The most dangerous thing in baseball is a pitcher with potential. More than half of all starting pitchers will end up on the Disabled List and over the last three seasons, more than two hundred pitchers at all levels of professional baseball have undergone ligament replacement surgery that has cost them more than a year of an already finite resource, their baseball career. Teams are losing on the field because of an inability to keep their own pitchers healthy. Teams are losing on their ledgers as they pay out ever increasing salaries to pitchers that are unable to perform and overpaying those pitchers that do somehow remain healthy. In baseball, there is a new orthodoxy that "there is no such thing as a pitching prospect." Too many young flamethrowers simply burn out, then fade away, their potential never reached and their team never seeing any gain from their sizeable investments of time and money. Can young arms be saved from the torture and abuse subjected on them by the lords of baseball? The answer is yes. We are losing pitchers far too young, far too early, and it can be prevented. Saving the Pitcher addresses all aspects of pitcher injuries, pitcher abuse, pitcher workload, pitcher mechanics, and most importantly, injury prevention. Knowledge from doctors, trainers, coaches, pitchers, biomechanists, and researchers make this book the first complete look at pitcher health. These injuries don't have to happen. From major leaguers to little leaguers, this book is a must read for pitchers, parents, and baseball fans everywhere.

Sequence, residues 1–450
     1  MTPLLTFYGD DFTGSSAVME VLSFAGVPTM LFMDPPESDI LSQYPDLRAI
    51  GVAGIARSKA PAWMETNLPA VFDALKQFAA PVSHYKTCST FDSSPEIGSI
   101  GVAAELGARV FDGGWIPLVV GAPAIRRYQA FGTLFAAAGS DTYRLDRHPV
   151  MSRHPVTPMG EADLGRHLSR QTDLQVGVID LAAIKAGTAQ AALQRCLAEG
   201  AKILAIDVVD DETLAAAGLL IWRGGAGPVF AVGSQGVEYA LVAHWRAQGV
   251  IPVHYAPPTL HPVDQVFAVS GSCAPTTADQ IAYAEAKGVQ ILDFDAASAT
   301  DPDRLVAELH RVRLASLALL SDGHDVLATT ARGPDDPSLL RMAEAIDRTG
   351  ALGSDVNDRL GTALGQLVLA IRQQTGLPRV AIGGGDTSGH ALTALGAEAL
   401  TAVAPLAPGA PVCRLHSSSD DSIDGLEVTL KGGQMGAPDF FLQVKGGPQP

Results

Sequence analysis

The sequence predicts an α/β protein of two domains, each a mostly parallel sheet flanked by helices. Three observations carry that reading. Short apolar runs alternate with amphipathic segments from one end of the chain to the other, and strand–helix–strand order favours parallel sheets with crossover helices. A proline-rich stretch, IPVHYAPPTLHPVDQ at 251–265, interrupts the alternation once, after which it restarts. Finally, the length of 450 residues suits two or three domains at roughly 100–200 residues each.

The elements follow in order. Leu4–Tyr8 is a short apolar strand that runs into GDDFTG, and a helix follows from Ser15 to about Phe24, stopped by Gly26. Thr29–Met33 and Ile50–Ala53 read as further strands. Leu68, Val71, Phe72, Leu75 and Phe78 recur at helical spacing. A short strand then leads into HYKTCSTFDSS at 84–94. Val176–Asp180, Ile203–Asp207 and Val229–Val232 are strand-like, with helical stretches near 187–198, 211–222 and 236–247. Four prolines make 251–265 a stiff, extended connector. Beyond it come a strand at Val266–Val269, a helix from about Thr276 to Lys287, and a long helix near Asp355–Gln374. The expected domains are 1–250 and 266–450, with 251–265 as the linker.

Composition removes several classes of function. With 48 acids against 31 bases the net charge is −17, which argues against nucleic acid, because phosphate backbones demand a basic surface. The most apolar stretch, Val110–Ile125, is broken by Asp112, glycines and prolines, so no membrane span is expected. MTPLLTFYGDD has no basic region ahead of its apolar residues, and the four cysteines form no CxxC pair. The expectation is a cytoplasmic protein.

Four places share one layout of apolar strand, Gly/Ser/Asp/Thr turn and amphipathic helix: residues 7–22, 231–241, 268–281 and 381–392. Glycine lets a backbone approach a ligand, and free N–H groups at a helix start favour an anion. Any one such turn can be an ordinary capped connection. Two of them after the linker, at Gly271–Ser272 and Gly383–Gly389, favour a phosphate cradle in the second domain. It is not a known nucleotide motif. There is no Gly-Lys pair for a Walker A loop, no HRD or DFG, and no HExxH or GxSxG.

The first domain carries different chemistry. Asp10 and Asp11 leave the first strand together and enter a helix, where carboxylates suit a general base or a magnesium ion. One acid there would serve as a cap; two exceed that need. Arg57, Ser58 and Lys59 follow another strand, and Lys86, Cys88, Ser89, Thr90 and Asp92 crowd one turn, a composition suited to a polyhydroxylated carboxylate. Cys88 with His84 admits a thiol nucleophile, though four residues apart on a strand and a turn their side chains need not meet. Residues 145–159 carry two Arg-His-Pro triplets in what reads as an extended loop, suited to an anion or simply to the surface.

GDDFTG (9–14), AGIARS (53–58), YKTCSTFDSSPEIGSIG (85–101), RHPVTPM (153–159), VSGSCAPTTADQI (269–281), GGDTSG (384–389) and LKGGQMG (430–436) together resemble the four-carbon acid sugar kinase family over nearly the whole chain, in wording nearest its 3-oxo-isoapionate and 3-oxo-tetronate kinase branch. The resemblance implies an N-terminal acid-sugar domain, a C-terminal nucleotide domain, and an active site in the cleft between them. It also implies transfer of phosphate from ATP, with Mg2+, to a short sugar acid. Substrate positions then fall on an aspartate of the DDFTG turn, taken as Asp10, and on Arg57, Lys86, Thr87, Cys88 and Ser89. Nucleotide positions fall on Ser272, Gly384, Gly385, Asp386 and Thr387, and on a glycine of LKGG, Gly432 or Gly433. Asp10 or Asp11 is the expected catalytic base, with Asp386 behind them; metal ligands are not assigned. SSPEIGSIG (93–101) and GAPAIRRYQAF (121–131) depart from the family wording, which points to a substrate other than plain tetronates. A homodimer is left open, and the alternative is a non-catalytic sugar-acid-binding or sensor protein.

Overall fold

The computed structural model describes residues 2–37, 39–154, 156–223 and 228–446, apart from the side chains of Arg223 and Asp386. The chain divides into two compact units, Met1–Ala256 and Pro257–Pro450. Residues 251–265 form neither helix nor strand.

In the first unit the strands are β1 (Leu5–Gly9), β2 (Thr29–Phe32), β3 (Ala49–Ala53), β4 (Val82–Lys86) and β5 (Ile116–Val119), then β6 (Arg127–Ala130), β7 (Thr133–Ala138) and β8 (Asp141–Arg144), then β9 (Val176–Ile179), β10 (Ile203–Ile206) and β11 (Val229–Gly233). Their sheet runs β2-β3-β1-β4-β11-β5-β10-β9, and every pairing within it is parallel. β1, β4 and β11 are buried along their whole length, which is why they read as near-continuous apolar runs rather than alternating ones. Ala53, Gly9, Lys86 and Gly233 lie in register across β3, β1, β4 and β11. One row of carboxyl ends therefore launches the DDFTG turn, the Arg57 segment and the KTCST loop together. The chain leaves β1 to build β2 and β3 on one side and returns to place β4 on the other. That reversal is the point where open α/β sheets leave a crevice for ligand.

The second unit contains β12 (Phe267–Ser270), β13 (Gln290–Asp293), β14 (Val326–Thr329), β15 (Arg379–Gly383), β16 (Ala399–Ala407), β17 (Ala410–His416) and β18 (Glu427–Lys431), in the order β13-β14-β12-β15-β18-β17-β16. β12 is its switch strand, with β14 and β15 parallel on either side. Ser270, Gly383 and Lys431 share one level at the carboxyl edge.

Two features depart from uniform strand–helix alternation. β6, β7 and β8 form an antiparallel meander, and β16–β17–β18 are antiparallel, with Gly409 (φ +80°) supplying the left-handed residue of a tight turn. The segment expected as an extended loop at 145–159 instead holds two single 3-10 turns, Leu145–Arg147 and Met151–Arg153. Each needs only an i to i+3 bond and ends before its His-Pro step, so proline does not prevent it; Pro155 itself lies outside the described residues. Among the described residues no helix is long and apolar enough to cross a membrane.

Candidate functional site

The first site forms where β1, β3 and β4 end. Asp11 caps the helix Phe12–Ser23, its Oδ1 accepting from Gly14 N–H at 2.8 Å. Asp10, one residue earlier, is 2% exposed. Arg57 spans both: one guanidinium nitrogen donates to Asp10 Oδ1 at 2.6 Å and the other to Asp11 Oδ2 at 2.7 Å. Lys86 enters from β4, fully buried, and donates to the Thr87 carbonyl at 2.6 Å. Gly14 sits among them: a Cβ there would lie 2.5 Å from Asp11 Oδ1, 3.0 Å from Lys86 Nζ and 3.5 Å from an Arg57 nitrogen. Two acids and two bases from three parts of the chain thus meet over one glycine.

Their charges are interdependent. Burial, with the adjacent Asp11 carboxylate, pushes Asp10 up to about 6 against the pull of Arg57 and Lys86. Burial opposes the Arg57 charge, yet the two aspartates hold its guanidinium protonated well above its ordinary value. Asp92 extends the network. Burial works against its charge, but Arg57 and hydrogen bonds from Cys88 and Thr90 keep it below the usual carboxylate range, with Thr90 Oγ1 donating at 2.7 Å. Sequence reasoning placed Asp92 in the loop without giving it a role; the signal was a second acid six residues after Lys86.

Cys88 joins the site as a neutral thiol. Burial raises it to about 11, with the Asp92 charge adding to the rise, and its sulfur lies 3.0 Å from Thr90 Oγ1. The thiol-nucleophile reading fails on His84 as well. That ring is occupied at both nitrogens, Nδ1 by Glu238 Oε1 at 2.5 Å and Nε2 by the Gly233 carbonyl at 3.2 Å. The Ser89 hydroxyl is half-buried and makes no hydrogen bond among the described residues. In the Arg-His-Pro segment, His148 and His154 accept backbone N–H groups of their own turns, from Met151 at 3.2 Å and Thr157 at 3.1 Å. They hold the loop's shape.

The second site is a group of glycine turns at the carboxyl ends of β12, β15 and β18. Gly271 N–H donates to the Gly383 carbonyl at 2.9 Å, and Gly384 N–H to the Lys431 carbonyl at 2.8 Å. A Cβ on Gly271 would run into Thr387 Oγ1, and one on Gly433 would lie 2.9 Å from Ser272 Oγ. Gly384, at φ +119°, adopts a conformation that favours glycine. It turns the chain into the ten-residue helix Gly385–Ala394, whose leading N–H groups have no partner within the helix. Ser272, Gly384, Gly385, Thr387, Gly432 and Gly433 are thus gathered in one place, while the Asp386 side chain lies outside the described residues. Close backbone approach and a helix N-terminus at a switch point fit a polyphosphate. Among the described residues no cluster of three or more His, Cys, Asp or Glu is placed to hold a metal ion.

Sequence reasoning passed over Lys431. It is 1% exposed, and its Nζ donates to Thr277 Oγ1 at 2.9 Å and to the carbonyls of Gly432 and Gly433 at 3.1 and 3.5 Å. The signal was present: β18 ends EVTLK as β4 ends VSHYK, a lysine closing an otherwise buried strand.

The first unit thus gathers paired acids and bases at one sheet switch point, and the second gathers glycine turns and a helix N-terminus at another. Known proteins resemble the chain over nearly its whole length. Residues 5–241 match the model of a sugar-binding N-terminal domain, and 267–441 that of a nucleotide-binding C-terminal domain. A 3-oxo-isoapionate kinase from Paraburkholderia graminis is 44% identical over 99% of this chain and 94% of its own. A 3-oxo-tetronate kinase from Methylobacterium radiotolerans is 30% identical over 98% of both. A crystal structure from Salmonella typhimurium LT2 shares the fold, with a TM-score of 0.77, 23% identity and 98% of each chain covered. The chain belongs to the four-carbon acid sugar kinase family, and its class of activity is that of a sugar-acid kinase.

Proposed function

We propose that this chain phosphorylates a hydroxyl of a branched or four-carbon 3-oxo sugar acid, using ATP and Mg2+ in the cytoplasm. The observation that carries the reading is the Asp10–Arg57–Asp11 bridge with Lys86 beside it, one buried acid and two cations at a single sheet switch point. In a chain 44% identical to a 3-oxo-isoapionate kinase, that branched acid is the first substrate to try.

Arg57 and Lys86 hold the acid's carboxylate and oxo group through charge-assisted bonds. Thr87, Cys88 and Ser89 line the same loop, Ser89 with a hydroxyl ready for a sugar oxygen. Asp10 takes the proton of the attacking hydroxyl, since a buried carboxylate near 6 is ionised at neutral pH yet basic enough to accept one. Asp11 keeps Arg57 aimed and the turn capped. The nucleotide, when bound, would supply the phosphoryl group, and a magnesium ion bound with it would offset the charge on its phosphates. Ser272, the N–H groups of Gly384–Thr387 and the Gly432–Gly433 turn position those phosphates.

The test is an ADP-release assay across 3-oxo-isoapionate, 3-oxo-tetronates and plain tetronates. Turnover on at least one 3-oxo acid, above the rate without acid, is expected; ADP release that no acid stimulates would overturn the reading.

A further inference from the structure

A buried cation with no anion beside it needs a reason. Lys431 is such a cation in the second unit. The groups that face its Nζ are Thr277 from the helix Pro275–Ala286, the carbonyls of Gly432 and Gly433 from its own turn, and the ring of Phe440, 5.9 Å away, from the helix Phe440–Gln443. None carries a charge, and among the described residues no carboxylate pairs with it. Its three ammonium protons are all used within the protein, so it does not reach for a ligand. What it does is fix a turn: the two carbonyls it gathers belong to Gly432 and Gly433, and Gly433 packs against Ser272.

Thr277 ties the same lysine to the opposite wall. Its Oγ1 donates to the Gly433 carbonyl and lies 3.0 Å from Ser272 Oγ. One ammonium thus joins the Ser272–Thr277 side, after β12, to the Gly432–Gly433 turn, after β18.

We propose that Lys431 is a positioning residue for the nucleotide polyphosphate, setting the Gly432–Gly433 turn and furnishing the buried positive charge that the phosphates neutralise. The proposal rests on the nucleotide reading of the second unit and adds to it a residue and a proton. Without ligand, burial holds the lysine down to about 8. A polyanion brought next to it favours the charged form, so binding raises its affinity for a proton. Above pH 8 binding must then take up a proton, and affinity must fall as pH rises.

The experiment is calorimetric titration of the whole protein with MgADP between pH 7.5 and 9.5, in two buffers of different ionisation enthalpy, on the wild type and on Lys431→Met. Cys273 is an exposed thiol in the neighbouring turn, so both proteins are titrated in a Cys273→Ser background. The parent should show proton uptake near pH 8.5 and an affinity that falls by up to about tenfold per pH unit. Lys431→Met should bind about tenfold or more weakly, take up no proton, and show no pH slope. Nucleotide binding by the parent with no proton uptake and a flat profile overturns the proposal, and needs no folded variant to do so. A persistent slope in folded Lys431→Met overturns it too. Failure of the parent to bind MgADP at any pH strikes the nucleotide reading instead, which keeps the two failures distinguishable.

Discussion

Will Carroll writes for Baseball Prospectus and was one of the first writers to break the news that Pete Rose will return to baseball. Since the publication of Saving the Pitcher, Mr. Carroll has published an authoritative work about steriods in baseball, The Juice, published by Ivan R. Dee in 2005. He lives in Indianapolis.